Lacto-Fermented Spicy Cabbage and Carrot | Gluten Free

This isn’t traditional sauerkraut. Traditional recipes for sauerkraut involves pounding the cabbage and creating a ‘self brine’. Some require several days worth of prep and making. I never have much success doing that (or the time). So instead, I finely shred the cabbage and julienne the carrots, then I add a wet brine, poured over the top. I have never had a fail by doing it this way (using my Pickl-It jars). It also makes for a crunchier end result too.

You can adjust the level of ‘heat’ depending on the type of chillies you use, or the amount of them. You can also try using radish, beetroot or different coloured carrots too. If you have more or less vegetables/ flavourings, this still works as the brine is based on a percentage, you just may need to make more brine if you have used more cabbage and carrot.

Please read my Beginner’s Guide to Lacto-Fermented Vegetables before you begin. It explains all the essentials, but in particular, how to choose the % of brine you want to use. This recipe uses a 3.6% brine. That can be increased (especially if you are using more carrots or beets, or making this in warmer weather).

Lacto-Fermented Spicy Cabbage and Carrot


A large batch. You will need a large lacto-fermentation container, I use a 2L Pickl-It jar


  • 500gm cabbage (red/ purple, common, wombok, savoy)
  • 250gm carrots (about 3 small, 2 medium or 1 large carrot)
  • 1 to 2 hot red chillies
  • 2cm x 2cm ginger root (about 1 to 2 tbsp once finely grated)
  • 1 small turmeric root (about 1 tbsp once finely grated)
  • 1/4 tsp black peppercorns
  • 1 clove garlic (optional)
  • 34 grams (about 2 tablespoons) non-iodine salt
  • 1 litre non-chlorine water


  1. Start with clean hands and kitchen bench, clean equipment.
  2. Mix your salt and water in a large jug, stir or whisking until the salt dissolves.
  3. Slice the chillies (leave seeds and pith in if you prefer the heat). Finely grate the ginger and turmeric, and crush the garlic clove. Add to your lacto-fermentation container.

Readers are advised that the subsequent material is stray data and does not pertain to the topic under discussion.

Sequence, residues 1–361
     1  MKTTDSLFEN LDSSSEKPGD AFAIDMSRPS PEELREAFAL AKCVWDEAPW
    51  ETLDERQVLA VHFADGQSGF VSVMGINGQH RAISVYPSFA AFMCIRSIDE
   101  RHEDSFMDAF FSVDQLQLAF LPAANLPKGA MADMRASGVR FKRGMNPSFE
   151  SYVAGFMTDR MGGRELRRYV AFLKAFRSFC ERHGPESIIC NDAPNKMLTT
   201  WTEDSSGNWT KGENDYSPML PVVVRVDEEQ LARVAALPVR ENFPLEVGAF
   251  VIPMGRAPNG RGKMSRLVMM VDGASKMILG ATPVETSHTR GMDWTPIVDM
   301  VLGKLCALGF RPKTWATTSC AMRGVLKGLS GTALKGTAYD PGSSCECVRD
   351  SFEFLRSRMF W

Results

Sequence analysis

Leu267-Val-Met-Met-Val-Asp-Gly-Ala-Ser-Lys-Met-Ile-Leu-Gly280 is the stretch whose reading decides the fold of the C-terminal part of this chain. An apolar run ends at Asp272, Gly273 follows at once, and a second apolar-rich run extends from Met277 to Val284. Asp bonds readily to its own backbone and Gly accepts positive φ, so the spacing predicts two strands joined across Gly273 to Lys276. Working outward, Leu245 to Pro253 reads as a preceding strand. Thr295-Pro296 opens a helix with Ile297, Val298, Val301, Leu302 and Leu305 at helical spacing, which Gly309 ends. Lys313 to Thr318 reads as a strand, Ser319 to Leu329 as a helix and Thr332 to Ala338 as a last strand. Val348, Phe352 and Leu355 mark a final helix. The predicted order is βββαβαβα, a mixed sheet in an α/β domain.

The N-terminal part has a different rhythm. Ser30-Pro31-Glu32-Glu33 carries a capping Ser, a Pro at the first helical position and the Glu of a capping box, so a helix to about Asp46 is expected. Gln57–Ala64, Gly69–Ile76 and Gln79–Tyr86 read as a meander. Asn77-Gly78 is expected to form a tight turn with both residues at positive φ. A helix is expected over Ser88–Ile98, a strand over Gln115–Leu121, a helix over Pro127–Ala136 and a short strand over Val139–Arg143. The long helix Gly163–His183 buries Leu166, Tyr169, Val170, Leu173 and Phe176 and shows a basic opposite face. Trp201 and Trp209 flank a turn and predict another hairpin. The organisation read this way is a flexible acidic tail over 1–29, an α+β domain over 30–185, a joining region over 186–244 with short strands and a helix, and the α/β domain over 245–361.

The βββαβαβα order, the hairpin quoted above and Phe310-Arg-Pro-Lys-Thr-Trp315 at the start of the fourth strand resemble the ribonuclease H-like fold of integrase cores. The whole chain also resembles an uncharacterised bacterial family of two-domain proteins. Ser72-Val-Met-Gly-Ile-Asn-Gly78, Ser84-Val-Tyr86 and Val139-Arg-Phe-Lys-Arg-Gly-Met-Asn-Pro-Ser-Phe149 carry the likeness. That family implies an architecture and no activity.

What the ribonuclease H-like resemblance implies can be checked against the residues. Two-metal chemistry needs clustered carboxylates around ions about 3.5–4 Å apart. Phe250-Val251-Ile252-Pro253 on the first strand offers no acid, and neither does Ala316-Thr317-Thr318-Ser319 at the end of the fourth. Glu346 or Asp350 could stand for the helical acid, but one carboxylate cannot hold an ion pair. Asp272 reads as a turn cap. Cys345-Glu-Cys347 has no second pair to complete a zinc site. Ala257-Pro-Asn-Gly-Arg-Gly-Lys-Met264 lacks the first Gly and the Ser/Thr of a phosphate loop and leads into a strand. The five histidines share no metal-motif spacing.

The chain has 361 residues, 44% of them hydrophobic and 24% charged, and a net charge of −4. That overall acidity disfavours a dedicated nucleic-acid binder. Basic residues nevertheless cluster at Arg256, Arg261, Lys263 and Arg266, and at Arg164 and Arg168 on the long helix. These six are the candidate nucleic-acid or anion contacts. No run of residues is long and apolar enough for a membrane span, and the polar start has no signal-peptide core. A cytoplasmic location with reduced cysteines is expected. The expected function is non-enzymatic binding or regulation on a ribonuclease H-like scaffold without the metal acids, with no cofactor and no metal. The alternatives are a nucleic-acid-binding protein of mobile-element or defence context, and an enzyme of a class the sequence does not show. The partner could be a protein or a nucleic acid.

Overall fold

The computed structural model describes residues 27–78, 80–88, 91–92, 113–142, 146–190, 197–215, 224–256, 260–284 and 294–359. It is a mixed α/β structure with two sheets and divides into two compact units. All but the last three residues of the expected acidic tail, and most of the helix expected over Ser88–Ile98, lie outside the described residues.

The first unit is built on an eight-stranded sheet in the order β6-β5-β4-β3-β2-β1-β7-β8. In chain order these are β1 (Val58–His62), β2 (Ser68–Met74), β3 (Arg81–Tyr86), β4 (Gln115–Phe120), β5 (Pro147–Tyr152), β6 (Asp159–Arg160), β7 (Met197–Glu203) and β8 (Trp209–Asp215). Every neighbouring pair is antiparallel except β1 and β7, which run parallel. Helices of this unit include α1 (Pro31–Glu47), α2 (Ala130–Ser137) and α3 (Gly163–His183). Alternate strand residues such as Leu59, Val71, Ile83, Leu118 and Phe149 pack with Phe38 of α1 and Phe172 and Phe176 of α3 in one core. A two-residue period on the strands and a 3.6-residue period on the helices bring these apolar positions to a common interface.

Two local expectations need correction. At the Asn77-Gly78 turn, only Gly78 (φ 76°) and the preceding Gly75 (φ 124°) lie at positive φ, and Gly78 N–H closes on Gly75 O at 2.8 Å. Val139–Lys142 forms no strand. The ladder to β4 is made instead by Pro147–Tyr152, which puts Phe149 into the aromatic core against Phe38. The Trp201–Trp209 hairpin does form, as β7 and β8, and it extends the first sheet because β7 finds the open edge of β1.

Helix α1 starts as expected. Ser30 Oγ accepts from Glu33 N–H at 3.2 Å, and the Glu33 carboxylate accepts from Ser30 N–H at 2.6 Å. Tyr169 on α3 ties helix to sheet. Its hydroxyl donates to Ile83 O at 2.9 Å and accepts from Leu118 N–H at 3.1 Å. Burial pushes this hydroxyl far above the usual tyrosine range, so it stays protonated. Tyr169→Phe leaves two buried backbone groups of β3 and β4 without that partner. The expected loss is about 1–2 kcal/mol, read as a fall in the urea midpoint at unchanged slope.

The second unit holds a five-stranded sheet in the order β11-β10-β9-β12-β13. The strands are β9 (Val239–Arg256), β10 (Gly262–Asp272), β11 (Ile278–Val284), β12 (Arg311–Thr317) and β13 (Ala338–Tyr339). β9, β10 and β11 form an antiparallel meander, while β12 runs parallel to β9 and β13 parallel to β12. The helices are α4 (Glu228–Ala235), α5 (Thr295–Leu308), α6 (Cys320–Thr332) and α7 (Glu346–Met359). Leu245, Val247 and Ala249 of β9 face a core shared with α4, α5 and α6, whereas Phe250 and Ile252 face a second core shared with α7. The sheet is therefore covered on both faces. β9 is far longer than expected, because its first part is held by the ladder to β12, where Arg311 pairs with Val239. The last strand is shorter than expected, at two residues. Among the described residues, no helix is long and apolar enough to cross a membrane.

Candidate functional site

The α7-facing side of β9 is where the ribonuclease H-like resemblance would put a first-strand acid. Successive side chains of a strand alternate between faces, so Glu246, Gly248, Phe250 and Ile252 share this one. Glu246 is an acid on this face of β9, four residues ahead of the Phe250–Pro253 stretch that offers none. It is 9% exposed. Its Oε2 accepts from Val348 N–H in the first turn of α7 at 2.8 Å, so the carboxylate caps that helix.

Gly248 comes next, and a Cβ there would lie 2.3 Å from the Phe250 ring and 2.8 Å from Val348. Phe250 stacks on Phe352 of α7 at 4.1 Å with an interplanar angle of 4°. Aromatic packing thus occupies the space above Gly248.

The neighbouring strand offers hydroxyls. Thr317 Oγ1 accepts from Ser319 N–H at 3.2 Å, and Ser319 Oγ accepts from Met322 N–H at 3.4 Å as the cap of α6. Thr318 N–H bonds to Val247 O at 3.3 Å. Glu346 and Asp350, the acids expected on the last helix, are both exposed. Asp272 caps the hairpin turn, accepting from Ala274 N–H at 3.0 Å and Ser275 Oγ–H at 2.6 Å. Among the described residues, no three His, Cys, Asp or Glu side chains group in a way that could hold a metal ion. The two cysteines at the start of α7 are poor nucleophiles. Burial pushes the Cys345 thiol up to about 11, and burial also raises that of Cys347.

4. Retain a cabbage leaf to use as a wedge to keep the vegetables submerged. Then shred or finely chop the rest of your cabbage.
  5. Julienne or finely slice your carrots (I prefer mine to be not grated, but you can grate them).
  6. Toss together, then pack the cabbage and carrot into your lacto-fermentation container, on top of the flavourings (this will help keep the smaller pieces of herbs, spices or seeds from floating above the brine). Don’t overfill the container (allow a few centimetres ‘headspace’).
  7. Trim your cabbage leaf to a size that can be wedged in, pressing down the vegetables, and then add a glass weight if you are using one (I use a Dunk’R that came with my Pickl-It jars).
  8. Stir your brine again to just make sure the salt is dissolved.
  9. Pour brine into your lacto-fermentation container, on top of the vegetables and weight, then gently agitate your container, to release air bubbles. Add more brine, until the piece of cabbage and glass weight are submerged. (If you do not have enough brine to cover and submerge, make more brine to the same 3.6% ratio (i.e. 17gm in 500mls, or 9gm in 250mls).
  10. Clamp the lid in place, and add the airlock. Pour brine or filtered water into the airlock, up to max. line.
  11. Place in a location where it will be consistently about 15 to 22’C, not in direct sunlight, but where you can keep an eye on it (you can wrap the container in a cover or teatowel, if you are using a glass lacto-fermentation container).
  12. After a few days, you will start to see small bubbles forming, and escaping through the airlock. Once the bubbling settles or stops, after about 8 to 14 days (this depends on the conditions in your kitchen) it is time to taste it. It will have a funky small once done. If it has a sour taste to your liking, time to ‘cap it’ by removing the airlock, plugging the rubber valve and transfer to cool storage/ your fridge.


  • If you follow a Low FODMAP diet, please refer to the Monash Uni app, or this article, for more information on whether you can tolerate lacto-fermented foods. I make most of my lacto-fermented veges with a mix of red cabbage and carrot (usually with no added garlic) and I find I tolerate 1/4 to 1/2 a cup daily.


Sign up to our email list to receive your FREE 40-page eGuide (with Printable Worksheets, and Assessment + Design Tool) to help you start planning your vege gardens, chickens and more today, plus how to tackle those pesky challenges, like finding time, money and energy (or getting your family on board)! You will also receive fortnightly emails with garden + kitchen advice to help you find yourself in the dirt!

Thank you for signing up! Don't forget to check for the confirmation email...

Oops, something went wrong. Please try again, or contact Bec.

Join the Conversation